Poverty and inequality have been reduced
Real household disposable income per person is above its pre-crisis peak, and it is 11.2% higher than at the start of 2010, meaning people have more money to spend than they did in 2010.
Income inequality is lower now than it was in 2010.
The top 1% of income taxpayers pay over 29% of income tax, higher than at any time since 1999.
Since 2010 there are, before housing costs:
400.000 fewer people in absolute low income.
100.000 fewer pensioners in absolute low income.
300.000 fewer working-age adults in absolute low income.
The percentage of people in absolute poverty, after housing costs, is around its record low.
Since 2010 there are over 1 million fewer workless households, and the number of children living in workless households is down by 730,000, both record lows.
Since 2010 the Government have:
Provided over half a trillion pounds in capital investment, investment in skills, and reduced taxes for businesses.
Established the national productivity investment fund (NPIF) to deliver additional capital spending for areas critical for improving productivity across all parts of the UK. The NPIF is now set to deliver £37 billion of high-value investment to 2023-24 in economic infrastructure, R and D, and housing.
Improved technical education by reforming apprenticeships and developing new T-levels for delivery from September 2020.
The Government have supported business and enterprise with lower taxes:
The UK has the most competitive corporation tax rate in the G20 at 19%.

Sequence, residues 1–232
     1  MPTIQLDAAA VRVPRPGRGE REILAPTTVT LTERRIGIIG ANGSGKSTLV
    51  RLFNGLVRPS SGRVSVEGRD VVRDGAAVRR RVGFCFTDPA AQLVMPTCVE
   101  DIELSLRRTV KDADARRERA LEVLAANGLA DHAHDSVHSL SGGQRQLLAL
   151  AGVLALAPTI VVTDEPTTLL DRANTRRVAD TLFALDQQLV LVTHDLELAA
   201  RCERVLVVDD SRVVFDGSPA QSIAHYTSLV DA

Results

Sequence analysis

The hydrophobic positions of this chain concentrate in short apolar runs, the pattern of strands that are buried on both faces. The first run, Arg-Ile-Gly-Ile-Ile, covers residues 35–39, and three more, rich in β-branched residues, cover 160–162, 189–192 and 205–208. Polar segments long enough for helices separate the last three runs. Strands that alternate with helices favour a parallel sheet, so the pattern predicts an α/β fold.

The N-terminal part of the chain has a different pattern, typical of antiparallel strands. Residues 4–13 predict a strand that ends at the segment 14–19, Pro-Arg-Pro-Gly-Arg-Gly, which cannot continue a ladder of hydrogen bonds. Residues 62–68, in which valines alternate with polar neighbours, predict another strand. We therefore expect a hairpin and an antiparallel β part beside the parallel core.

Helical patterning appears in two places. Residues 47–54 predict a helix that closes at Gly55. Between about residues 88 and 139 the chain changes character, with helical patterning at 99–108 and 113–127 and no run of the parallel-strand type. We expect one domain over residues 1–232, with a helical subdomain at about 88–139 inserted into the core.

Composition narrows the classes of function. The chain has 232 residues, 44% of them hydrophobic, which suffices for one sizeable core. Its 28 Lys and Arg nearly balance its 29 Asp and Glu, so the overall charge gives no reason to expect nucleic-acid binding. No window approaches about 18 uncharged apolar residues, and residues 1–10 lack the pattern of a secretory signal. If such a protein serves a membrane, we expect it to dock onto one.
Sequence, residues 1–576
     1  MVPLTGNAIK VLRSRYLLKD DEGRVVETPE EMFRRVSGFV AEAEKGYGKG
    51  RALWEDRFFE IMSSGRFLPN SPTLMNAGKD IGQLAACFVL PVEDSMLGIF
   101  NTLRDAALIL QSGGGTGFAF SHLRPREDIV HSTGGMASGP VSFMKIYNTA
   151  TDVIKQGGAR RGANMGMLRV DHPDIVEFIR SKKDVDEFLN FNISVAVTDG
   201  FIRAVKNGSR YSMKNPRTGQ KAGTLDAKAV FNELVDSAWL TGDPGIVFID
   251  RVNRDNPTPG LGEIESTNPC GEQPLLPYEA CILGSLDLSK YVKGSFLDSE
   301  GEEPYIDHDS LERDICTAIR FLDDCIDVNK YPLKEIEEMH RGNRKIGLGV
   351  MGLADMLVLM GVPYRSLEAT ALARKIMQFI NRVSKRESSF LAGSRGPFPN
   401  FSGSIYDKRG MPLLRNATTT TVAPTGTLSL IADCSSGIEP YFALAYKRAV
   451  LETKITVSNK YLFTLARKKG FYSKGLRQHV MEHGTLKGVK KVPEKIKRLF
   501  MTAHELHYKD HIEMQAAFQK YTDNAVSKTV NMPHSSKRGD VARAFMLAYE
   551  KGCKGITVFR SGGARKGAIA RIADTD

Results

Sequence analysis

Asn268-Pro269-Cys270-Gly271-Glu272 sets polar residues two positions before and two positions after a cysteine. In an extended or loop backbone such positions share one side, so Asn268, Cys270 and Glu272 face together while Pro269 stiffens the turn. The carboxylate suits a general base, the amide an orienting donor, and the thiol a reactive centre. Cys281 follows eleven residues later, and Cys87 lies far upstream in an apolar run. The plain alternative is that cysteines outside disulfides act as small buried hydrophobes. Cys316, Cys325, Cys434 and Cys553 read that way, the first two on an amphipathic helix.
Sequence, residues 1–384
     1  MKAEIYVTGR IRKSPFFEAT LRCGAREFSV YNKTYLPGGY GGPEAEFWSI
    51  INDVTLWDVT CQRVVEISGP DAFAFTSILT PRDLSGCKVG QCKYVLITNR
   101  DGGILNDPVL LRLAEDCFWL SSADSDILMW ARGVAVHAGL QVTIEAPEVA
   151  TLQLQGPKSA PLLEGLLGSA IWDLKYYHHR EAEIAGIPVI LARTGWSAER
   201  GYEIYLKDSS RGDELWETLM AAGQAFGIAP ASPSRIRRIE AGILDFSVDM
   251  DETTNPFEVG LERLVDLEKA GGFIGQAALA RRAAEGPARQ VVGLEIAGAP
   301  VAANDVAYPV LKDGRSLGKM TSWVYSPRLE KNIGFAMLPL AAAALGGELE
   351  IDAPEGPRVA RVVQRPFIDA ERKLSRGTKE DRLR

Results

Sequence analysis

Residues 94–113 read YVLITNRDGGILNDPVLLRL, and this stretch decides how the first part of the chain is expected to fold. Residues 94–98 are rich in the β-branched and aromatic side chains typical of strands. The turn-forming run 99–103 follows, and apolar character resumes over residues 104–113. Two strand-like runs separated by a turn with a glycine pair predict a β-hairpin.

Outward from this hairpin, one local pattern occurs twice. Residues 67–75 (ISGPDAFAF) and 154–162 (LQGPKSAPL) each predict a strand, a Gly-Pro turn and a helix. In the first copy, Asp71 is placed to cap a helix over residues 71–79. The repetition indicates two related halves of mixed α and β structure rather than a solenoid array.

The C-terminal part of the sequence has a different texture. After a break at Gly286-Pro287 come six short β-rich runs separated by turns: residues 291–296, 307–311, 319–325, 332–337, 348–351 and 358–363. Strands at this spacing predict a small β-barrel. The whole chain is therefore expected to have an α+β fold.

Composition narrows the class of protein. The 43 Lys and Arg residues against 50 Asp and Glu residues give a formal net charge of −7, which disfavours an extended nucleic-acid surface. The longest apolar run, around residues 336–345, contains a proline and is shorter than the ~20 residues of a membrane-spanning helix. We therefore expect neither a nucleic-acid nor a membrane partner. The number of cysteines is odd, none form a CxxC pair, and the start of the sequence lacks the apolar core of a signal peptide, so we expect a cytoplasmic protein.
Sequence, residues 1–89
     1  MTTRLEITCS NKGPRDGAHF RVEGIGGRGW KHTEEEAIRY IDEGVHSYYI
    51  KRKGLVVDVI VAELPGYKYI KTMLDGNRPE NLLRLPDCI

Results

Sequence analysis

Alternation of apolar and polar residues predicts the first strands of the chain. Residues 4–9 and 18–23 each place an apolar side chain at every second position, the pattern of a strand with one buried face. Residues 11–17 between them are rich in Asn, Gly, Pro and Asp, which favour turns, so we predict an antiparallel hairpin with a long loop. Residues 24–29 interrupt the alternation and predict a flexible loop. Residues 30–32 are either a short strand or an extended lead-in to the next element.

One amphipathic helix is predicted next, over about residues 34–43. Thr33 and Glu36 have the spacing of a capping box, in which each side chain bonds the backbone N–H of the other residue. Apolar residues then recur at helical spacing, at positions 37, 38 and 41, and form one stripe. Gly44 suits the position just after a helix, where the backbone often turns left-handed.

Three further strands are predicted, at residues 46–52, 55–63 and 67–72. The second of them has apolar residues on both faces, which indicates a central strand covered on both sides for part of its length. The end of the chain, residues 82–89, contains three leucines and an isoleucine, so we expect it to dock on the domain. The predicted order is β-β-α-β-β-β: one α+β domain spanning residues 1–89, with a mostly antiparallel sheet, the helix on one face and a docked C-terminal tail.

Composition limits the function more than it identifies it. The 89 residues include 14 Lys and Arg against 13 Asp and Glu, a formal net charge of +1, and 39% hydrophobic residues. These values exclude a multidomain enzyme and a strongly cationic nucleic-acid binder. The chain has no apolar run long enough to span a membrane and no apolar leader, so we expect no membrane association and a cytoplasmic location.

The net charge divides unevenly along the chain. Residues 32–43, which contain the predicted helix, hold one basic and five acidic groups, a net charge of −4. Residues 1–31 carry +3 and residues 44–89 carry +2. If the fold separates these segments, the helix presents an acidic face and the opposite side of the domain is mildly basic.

Since Budget 2016, the Government have announced reductions to business rates worth more than £13 billion over the next five years.
Funding public services
Spending Round 2019 (SR19) saw the fastest planned increase in departmental day to day spending for 15 years. Resource spending is now set to rise by 4.1% in real terms from 2019-20 to 2020-21.
SR19 was the first SR since 2002 where no department will face a cut in its resource Budget.
An extra £750 million investment in policing in 2020-21 to begin delivering the Government’s commitment to recruit 20,000 additional officers by 2023, up to 6,000 officers will be in place by the end of 20-21;
Further health investment, building on the extra funding provided last year of £33.9 billion a year by 2023-24 in cash terms, compared to 2018-19, the largest cash increase in public services since the Second World War.
A cash increase in schools spending of £2.6 billion in 2020-21, rising to £7.1 billion in 2022-23, compared to 2019-20.
£400 million extra to train and teach 16 to 19-year-olds to get the skills they need for well-paid jobs in the modern economy.
To fund public services, the Government have taken unprecedented action to make sure people pay their fair share of tax. The Government have introduced over 100 measures to tackle tax avoidance, evasion and other forms of non-compliance since 2010 which, alongside HMRC’s compliance work, have secured and protected an additional £200 billion in tax revenue which would otherwise have gone unpaid.